There is no Christianity apart from the going. We go from wherever we were when God found us to wherever He leads next. We go to serve, to preach, to heal, to love,  and to “sin no more.” “If you love me you will keep my commandments.” “Go and make disciples of all nations.” There is no “stay and worship Me,” in the Bible, only “go and worship Me.”

My point is this: the spread of the gospel to all nations is not the goal of mission, it’s the result of it.  If we are obedient to the commands of our Lord, we will be going people- actively proclaiming the gospel through word and deed in “Jerusalem, Judea, Samaria, and to the ends of the earth.” Piper and others get it wrong when they say that God is glorified when people bow before Him in an end-times worship service. No, He is glorified when people go in His name.

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When A Missiologist Plants A Church

Earlier this year, my friend, Ed Stetzer, planted a Grace Church in Hendersonville, TN. In addition to being a church planter, Ed is a missiologist, research expert, and prolific author and blogger.

I imagine there’s added pressure, and not a small amout of scrutiny, when you’re a well-known missions and church-planting teacher, to plant successfully. I wish Ed and Grace Church the best as they continue to develop gospel ministry to the people of Sumner County, and I don’t want to add expectations.

It is interesting, though, to look at a missiologist’s approach to planting a church in the United States.

I encourage you to pray for Ed and the Grace Church leadership team. Beyond that, follow them on their journey. They are very deliberate about being connected on social media, and Ed is very approachable on his blog. Please feel free to ask him questions. It’d be a shame for us all to miss the opportunity to learn from the decisions he’s making along the way.


The Spirit Incommunicado

Though the anthropological approach to mission was proposed and made popular by decidedly non-Calvinist leaders (R. Winter, D. McGavran), reformed thinkers such as J. Piper and J.D. Greear have adopted the philosophy and developed missiologies around it. For those who believe that the eternal destiny of human souls depends on the Church’s evangelistic efforts, it makes sense that they would want to “expect great things from God and attempt great things for God.” But for those whose theological persuasion alleviates that burden of guilt, the anthropological approach might seem like a non sequitur.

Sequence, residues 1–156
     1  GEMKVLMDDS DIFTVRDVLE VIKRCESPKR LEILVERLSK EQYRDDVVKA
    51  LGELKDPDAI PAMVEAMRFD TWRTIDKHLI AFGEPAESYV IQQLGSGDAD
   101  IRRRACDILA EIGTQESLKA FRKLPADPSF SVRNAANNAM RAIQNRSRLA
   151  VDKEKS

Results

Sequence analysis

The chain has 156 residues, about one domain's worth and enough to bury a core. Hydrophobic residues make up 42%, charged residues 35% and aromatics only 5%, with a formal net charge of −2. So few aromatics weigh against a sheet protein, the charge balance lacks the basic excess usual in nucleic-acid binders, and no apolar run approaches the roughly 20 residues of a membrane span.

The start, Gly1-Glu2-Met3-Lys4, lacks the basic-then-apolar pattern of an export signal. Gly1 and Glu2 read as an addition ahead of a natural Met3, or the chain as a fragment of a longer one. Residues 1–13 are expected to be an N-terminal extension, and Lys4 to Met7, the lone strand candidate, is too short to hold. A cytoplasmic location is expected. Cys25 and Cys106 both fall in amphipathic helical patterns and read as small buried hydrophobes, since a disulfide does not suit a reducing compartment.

The discussion has been happening among the different tribes on the interwebs, but it’s still relatively unexplored. Until J. Piper’s book, “Let the Nations Be Glad” hit the scene back in 1993, reformed Christians were seen as the foil to the Church’s fulfillment of the Great Commission. In focusing on the supremacy of God’s glory as the basis of global mission, the reformed found the key to human involvement in God’s predestined activity. “Reaching unreached ethnolinguistic people groups” became the point of cooperation for Christians of various theological perspectives.

Henry Blackaby teaches that Christians should follow the leadership of the Holy Spirit and get involved where they see Him at work. Most in the missions world emphasize the importance of an individual’s “calling” to missionary service. Many in the reformed camp ridicule these positions, claiming that looking for such guidance from God amounts to seeking “extra-biblical revelation.”  They say that we get all the guidance we need on mission from the scriptures. That the Spirit-led missions of Paul, Peter, Phillip, and the early church were unique to that early time in the Church’s history, and in no way normative for us today. (EDIT: Tim Challies’ recent series makes this argument) After all, they say, who is a missionary today to compare himself to the Apostles? God doesn’t have a “specific” will for our missionary service, they say. Instead, they propose that our involvement be motivated by our reading of scripture, our obedience to the Great Commission, and our application of wisdom.